mapofitalyI sometimes get the sense that when I make remarks about flat ontology and collectives of human and nonhuman actors the points I’m making are so simple, so vulgar, so obvious that others are often confused as to what I might even be referring to. Ghost, for example, remarks,

I’m sure I’m not the only one who’s grateful for all the time you’ve spent explaining this stuff. I’m beginning to get a handle on it, but as you describe the differences between a flat ontology analysis and something Zizek might do, for instance, I realise I need to see this ontology in action. A detailed flat ontology analysis might dissipate the feeling for me that the old nature/binary is still there, but now together in a new container.

No doubt I’ve exacerbated the problem because I’ve developed a somewhat abstract vocabulary with mysterious expressions like “there are no differences that do not make a difference”, “there is no transportation without translation”, and “nothing is either reducible or irreducible to anything else”, all situated in terms like “objectiles”, “actors”, “exo-relations”, “endo-relations”, “attractors”, “phase spaces”, “endo-consistency”, and so on. Faced with this infantry of terms and expressions, it’s difficult to determine what I might be getting at. A good deal of this has been my fault as I seldom give very elaborate examples to develop my claims. Hopefully I can rectify some of this today through the question “how did Caesar cross the Rubicon?”

read on!

CaesarCrossingRubiconIf crossing the Rubicon was significant, then this was because there was a long-standing Roman law that forbid any Roman legion from crossing the Rubicon. In crossing the Rubicon on January 10th, 49 B.C.E., Caesar underwent what Deleuze and Guattari call an incorporeal transformation. In other words, nothing had changed in Caesar’s body, in his corporeality, but nonetheless he was completely transformed. He had shifted from being a Roman general at this point, to being a renegade at war with Rome. Moreover, this incorporeal transformation was irreversible.

However, it is important to note that despite the fact that we are all familiar with the expression “Caesar crossing the Rubicon” or simply “Crossing the Rubicon” to signify an irreversible, incorporeal transformation or a historical event, it is worth noting that it was not Caesar who crossed the Rubicon. Had it simply been Caesar that crossed the Rubicon, there would have been no issue. Rather, the issue was not that Caesar crossed the Rubicon, but that Caesar crossed the Rubicon with a Roman legion. It was this that threw Rome into a civil war. At the outset, therefore, we should say that the incorporeal transformation that took place and plunged Rome into a civil war was a multiplicity, and a paradoxical multiplicity at that. Employing Bogost’s vocabulary we can, on the one hand, treat this event as a unit in its own right, but it was also a unit composed of all sorts of other units.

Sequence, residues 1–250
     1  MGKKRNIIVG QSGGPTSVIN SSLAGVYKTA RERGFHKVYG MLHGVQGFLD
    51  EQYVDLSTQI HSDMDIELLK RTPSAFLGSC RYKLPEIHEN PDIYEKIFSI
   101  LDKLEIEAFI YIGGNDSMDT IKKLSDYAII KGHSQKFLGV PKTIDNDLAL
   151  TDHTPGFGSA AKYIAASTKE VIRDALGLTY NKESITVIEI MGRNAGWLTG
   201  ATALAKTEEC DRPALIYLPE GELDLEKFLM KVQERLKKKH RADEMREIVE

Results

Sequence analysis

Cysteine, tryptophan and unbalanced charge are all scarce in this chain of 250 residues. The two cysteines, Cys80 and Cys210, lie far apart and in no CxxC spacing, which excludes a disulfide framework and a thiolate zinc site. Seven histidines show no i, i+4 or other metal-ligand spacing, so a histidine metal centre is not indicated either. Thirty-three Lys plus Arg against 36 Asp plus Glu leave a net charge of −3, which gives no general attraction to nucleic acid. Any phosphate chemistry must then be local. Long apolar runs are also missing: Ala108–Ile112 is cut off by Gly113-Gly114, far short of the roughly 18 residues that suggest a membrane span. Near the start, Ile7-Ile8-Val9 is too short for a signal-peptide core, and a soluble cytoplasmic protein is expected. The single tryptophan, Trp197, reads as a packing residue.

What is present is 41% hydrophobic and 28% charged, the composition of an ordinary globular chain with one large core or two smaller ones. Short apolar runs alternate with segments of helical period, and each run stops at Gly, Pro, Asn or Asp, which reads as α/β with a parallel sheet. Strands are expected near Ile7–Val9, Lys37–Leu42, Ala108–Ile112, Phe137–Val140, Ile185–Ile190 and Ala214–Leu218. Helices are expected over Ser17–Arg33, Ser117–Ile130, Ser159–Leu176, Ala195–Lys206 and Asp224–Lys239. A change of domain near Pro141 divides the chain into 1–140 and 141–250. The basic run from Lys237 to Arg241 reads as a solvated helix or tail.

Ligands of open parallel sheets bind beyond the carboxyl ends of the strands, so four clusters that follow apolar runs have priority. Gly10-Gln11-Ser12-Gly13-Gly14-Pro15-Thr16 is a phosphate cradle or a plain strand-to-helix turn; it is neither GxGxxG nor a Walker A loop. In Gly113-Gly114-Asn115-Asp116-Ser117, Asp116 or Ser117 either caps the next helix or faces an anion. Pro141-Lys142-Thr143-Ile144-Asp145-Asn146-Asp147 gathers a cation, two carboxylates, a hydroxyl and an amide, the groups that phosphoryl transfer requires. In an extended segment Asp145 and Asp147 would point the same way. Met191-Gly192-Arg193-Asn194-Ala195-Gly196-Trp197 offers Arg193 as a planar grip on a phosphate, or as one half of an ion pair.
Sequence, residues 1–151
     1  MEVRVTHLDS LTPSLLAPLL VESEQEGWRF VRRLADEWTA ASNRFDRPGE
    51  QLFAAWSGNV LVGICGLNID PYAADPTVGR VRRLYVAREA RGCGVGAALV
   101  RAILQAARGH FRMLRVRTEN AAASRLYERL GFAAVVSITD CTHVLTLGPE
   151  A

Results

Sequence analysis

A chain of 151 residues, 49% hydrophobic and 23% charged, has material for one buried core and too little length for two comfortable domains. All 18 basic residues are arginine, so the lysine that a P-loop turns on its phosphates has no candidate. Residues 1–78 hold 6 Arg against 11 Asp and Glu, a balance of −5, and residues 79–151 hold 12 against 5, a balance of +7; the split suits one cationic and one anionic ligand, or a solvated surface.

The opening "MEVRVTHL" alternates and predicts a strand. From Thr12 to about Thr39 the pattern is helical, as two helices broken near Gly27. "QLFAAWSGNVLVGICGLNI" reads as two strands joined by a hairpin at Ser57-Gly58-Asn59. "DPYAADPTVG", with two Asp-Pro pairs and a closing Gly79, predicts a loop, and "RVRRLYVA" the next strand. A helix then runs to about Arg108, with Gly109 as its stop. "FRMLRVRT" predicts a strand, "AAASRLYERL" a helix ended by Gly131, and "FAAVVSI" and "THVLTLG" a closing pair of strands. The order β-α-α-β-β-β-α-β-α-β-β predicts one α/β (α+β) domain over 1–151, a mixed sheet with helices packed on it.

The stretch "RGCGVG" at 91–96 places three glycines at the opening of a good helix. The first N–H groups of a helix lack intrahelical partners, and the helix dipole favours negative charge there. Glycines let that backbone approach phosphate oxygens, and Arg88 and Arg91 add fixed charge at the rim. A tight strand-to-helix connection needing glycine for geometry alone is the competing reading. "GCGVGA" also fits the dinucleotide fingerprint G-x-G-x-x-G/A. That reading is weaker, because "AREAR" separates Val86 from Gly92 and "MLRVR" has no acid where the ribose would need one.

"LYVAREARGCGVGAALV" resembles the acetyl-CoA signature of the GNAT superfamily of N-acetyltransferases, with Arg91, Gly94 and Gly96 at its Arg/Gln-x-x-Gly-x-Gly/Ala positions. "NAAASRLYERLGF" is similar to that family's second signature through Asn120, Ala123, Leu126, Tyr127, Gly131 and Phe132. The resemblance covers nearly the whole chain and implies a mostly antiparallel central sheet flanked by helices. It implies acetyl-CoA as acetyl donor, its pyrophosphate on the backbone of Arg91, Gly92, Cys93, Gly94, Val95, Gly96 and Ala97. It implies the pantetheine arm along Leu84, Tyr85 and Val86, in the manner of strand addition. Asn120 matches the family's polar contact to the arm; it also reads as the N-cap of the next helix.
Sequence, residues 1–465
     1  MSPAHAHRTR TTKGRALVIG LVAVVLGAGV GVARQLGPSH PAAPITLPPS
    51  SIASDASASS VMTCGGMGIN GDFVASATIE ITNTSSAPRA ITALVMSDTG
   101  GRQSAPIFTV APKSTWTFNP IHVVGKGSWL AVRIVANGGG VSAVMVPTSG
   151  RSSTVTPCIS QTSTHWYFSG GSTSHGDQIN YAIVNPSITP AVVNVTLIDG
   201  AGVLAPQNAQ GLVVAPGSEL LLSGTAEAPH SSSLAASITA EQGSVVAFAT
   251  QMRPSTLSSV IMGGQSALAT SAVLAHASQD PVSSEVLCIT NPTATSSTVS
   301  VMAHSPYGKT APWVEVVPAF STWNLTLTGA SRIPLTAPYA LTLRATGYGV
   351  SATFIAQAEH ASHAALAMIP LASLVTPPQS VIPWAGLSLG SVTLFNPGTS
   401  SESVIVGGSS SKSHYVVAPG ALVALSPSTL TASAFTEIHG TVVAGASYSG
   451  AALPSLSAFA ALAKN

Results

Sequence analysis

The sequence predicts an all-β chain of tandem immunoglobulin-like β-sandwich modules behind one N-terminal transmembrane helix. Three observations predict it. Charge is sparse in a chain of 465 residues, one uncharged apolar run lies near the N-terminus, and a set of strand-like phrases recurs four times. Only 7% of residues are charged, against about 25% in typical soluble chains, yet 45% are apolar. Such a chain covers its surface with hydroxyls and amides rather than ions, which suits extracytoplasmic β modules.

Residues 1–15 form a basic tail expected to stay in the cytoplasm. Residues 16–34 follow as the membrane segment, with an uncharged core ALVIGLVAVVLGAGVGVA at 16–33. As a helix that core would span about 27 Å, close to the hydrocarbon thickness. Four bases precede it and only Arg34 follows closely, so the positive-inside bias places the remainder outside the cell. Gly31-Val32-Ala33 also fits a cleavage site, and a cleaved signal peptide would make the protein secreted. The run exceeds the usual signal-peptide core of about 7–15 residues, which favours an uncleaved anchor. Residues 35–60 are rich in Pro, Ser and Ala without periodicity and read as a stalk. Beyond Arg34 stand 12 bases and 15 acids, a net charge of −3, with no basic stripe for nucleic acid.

We can “blackbox” this unit, closing up its interior complexity, and reducing it to the event or object “Caesar crossed the Rubicon”, or we can open up this blackbox and let all of the other units come swarming out like so many spiders fleeing from their egg sack. When we open up the blackbox of the “crossing the Rubicon” unit, out scurry horses, soldiers, their equipment, officers, Caesar, women, carts, donkeys, supply lines, children, cooks, bits of clothing, the river, its temperature, the weather conditions, the terrain, and so on. In other words, something that looked very simple, like an atomic unit, now is seen to be composed of all sorts of actors or objectiles. And this is where my question emerges. If I am able to ask “how did Caesar cross the Rubicon?”, then this is because this unit, this event, is a multiplicity composed of a multiplicity of actors. Seen in this light, the question becomes that of how these actors come to conspire together in this event.

The most obvious answer, of course, is that Caesar gave the order for this band of soldiers to cross the Rubicon. And this would not be wrong. He certainly did. Under this construal, our question might become “why did the soldiers obey?” Here we might become Althusserians, speaking of ideological interpellation, arguing that the soldiers recognized themselves in the hail, thereby becoming ideological subjects. This would not be wrong as well. However, there would still be additional problems here. Generals cannot occupy themselves with every little detail involved in the execution of an order. So how is it that the General’s speech act gets translated through a series of mediations to the officers and the soldiers and the relation of the soldiers to the horses, and the relations of the legion to the supply lines, the cooks, the women, the children, etc.? In other words, such an account gives us only a very small portion of what is going on. Moreover, it does not capture the manner in which the horses and soldiers must be fed, the soldiers must maintain their equipment, and so on and so forth. Finally horses, equipment, soldiers, officers, carts, swords, armor, supply lines, and so on are not simply docile bodies that jump to action like a television changes channel when a button is pushed. No. No body is ever a perfectly formed content, but rather there is always an element of friction whenever putting-in-form takes place. It takes quite a bit of work to hold a multiplicity together, as anyone who has ever done administrative work knows all too well.